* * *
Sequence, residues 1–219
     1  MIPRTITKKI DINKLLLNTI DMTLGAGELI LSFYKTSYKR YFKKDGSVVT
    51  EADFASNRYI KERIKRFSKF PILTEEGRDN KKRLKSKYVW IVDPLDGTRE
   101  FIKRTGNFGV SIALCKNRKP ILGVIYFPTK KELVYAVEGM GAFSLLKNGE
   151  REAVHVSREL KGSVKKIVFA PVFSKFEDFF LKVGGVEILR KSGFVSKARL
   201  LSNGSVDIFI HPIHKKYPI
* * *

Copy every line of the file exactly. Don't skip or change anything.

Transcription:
Sequence, residues 1–219
     1  MIPRTITKKI DINKLLLNTI DMTLGAGELI LSFYKTSYKR YFKKDGSVVT
    51  EADFASNRYI KERIKRFSKF PILTEEGRDN KKRLKSKYVW IVDPLDGTRE
   101  FIKRTGNFGV SIALCKNRKP ILGVIYFPTK KELVYAVEGM GAFSLLKNGE
   151  REAVHVSREL KGSVKKIVFA PVFSKFEDFF LKVGGVEILR KSGFVSKARL
   201  LSNGSVDIFI HPIHKKYPI